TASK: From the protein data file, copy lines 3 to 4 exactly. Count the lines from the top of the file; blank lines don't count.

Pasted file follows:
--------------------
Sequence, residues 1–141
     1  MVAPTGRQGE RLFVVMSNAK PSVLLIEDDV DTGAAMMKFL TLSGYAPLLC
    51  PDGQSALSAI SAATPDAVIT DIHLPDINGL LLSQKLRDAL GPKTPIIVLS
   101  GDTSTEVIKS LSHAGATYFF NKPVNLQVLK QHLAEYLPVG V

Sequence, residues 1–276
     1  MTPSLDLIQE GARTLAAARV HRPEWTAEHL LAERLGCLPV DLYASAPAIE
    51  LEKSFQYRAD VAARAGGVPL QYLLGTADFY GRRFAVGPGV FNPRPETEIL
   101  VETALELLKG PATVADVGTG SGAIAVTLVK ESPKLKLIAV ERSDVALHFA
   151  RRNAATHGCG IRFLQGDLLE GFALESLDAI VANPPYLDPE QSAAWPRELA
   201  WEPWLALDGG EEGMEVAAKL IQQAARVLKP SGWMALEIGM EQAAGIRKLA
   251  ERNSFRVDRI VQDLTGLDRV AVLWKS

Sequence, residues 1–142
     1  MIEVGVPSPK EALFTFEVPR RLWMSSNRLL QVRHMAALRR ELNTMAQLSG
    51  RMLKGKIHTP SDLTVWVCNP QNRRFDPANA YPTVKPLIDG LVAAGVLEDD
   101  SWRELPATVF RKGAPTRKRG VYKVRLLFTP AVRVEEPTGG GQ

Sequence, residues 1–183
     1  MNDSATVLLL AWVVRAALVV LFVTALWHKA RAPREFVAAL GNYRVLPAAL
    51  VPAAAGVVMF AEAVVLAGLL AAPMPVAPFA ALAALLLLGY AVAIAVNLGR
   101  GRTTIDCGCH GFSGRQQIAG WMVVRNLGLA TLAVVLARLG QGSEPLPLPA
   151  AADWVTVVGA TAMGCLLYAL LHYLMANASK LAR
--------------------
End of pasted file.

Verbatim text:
    51  PDGQSALSAI SAATPDAVIT DIHLPDINGL LLSQKLRDAL GPKTPIIVLS
   101  GDTSTEVIKS LSHAGATYFF NKPVNLQVLK QHLAEYLPVG V